By Carla Voorhees
Capt James Woodard is a 2006 graduate of the Virginia Military Institute (VMI) who currently serves as an Air Force Mission Flight Control Officer and Range Control Officer for the 1st Range Operations Squadron at Cape Canaveral Air Force Station. He is the Forward Observer Air for the final flight of Space Shuttle Endeavour for the STS-134 mission. James is also the Mission Flight Control Officer for the Atlas V, Space Based Infrared System (SBIRS) mission on 6 May 2011.
Range Safety is a risky business. Not only is the Air Force tasked with ensuring the protection of the six astronauts on board Space Transportation System-134, we are also responsible for protecting the general public from possible anomalies resulting from the launch vehicle they are manning. This responsibility, which is entrusted to Brigadier General Edwin Wilson (the Launch Decision Authority for the mission), requires several support positions to provide real-time data concerning the status of the mission. In support of this historic launch, I have the distinct honor and privilege of performing the duties of Forward Observer Air (FOA), which includes being one of the closest humans to the launch. This position, which is reserved exclusively for Shuttle launches, includes my reports on the integrity of the stack (i.e. I report whether or not the boosters, tank, and orbiter are still connected) during the early stages of the launch. The STS stack has four components including the orbiter, two solid rocket boosters, and the external fuel tank. I will act as the eyes of Mr. Tong Tang, the Mission Flight Control Officer (MFCO), when the Shuttle cannot be seen by forward ground observers, my ground counterparts, due to cloud layer obstruction.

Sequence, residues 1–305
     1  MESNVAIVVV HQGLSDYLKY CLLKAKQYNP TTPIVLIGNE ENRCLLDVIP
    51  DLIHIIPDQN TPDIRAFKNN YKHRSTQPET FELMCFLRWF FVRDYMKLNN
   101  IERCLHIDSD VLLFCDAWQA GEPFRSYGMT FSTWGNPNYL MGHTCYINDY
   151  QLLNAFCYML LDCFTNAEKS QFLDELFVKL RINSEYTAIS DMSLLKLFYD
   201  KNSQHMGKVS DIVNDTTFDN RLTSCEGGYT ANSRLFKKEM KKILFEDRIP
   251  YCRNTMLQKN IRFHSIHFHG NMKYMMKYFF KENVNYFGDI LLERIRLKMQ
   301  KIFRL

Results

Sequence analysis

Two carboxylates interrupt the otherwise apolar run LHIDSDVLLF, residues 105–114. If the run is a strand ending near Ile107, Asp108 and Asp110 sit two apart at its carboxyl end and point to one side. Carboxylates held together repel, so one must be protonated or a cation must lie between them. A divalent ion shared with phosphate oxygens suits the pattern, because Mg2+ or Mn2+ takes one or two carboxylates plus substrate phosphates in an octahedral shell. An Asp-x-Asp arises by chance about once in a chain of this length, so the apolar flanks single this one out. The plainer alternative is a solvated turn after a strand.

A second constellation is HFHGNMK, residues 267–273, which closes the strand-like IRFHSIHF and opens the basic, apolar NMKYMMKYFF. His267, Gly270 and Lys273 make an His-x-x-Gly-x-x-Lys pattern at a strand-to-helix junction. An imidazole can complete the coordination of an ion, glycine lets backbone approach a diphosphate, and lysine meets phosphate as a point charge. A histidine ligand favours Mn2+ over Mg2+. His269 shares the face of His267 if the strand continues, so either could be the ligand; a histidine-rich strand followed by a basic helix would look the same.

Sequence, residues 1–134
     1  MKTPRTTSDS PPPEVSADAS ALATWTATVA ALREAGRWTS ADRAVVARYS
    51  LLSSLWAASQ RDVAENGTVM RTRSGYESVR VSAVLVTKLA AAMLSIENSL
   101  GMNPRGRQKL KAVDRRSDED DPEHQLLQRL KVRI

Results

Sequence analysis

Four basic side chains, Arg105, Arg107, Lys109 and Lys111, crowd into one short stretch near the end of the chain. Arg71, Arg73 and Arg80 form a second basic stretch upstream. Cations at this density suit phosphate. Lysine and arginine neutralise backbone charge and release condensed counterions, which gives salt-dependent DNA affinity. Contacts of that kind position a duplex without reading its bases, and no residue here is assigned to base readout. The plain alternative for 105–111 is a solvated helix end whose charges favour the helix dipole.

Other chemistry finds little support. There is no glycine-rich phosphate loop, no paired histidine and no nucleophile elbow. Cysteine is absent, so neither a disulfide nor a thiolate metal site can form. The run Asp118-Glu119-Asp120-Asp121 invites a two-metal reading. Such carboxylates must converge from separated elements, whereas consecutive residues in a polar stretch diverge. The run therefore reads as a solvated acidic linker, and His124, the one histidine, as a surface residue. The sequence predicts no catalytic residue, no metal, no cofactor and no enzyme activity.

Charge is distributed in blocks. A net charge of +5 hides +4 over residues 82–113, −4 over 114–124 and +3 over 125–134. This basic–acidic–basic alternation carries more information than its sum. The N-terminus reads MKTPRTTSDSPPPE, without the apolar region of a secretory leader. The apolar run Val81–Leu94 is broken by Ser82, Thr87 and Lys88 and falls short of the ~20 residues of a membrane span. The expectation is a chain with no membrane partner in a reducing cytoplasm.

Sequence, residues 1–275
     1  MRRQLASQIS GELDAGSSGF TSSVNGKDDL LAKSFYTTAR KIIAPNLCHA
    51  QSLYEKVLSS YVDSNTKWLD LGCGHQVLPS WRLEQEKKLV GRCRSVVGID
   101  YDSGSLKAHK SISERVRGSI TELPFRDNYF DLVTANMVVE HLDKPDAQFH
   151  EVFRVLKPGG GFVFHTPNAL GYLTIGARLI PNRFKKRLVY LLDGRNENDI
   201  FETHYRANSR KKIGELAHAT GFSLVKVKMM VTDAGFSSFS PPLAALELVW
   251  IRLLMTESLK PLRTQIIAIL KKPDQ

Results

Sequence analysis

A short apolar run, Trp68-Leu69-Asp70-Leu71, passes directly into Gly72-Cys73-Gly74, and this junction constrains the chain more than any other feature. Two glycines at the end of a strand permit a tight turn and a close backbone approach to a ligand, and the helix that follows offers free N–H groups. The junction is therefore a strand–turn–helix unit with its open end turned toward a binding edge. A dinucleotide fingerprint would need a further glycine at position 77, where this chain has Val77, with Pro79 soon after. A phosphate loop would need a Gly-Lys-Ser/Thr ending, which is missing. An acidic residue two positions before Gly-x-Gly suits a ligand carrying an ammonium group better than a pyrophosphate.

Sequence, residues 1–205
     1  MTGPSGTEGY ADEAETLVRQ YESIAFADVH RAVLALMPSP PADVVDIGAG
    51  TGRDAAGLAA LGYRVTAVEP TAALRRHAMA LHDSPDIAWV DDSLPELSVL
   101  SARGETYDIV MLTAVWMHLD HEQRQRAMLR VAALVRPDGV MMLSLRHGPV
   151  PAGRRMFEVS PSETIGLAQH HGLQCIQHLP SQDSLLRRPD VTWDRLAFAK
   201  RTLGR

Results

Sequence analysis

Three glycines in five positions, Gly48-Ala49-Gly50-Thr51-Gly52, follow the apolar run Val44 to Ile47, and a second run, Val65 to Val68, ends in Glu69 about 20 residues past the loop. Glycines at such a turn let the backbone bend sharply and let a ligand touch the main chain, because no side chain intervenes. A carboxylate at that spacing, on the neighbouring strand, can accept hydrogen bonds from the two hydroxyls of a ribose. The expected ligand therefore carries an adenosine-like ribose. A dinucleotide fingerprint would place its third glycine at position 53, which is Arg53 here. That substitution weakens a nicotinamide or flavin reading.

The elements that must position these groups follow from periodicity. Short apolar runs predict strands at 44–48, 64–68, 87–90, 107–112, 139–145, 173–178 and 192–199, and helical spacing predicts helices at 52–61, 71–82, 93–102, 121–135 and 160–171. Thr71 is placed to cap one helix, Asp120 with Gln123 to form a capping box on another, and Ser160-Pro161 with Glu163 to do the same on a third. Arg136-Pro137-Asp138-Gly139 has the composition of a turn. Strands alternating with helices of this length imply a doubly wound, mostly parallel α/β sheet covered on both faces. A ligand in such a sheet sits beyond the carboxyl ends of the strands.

I will be on board “Relay One”- a PA-28 aircraft, which has a secondary mission of relaying transmissions between the Coast Guard’s “Clearance One” aircraft and Lieutenant Colonel Julia Black, a member of the Active Duty National Guard. She will be the Surveillance Control Officer located in the Morrell Operations Center. Clearance One is responsible for helping clear the surveillance control box in the Atlantic Ocean (approximately 3,696 square miles) that could possibly be impacted by the Solid Rocket Boosters after separation from the Shuttle Orbiter and External Fuel Tank.
On the day of launch, the Shuttle MFCO will determine whether or not my position is mandatory for launch. This decision is based on cloud cover between 4,000 and 8,000 feet (when video or forward observers cannot verify stack integrity). Here at the 1st Range Operations Squadron, we have an intense operations tempo since I will be the MFCO one week later for the Atlas V Space-Based Infrared System (SBIRS) launch from Cape Canaveral. I am proud of my role in Endeavour’s final chapter, and I know we have much to look forward to with the future of manned spaceflight!